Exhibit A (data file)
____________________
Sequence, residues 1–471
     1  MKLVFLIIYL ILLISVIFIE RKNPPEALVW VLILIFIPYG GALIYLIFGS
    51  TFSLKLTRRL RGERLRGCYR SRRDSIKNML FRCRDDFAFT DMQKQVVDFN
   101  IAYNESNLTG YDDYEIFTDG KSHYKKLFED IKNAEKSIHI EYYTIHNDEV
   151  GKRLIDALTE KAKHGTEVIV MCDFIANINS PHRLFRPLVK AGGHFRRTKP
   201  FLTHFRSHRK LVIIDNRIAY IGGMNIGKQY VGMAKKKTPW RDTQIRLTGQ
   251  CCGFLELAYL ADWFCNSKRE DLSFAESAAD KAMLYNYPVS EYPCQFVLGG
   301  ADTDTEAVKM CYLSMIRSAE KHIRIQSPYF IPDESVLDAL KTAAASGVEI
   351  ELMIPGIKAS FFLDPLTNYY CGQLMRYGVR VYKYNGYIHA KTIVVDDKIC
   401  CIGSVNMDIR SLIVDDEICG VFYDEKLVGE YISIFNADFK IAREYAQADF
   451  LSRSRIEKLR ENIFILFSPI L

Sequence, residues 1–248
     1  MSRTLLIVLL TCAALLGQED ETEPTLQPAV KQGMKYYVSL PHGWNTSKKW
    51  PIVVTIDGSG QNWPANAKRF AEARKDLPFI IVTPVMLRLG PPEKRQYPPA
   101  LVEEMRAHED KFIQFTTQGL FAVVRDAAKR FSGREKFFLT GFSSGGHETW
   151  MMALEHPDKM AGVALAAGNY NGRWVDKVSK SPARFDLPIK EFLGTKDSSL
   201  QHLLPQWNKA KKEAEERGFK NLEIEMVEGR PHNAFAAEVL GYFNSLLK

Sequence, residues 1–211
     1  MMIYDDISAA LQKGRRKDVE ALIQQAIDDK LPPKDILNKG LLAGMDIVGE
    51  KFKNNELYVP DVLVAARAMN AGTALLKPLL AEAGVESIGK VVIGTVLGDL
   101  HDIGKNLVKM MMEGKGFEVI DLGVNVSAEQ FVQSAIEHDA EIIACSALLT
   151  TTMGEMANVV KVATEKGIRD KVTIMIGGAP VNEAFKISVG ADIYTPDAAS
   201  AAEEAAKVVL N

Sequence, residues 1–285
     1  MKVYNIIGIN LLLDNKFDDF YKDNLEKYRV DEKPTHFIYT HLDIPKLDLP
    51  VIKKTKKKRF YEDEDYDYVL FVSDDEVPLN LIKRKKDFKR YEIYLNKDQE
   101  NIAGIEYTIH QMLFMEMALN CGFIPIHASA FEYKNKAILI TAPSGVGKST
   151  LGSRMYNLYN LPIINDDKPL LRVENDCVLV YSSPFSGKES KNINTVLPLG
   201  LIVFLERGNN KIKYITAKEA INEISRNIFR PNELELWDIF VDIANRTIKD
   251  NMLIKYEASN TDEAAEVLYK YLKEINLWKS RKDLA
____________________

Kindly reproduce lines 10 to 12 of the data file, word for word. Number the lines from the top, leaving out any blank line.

   401  CIGSVNMDIR SLIVDDEICG VFYDEKLVGE YISIFNADFK IAREYAQADF
   451  LSRSRIEKLR ENIFILFSPI L

Sequence, residues 1–248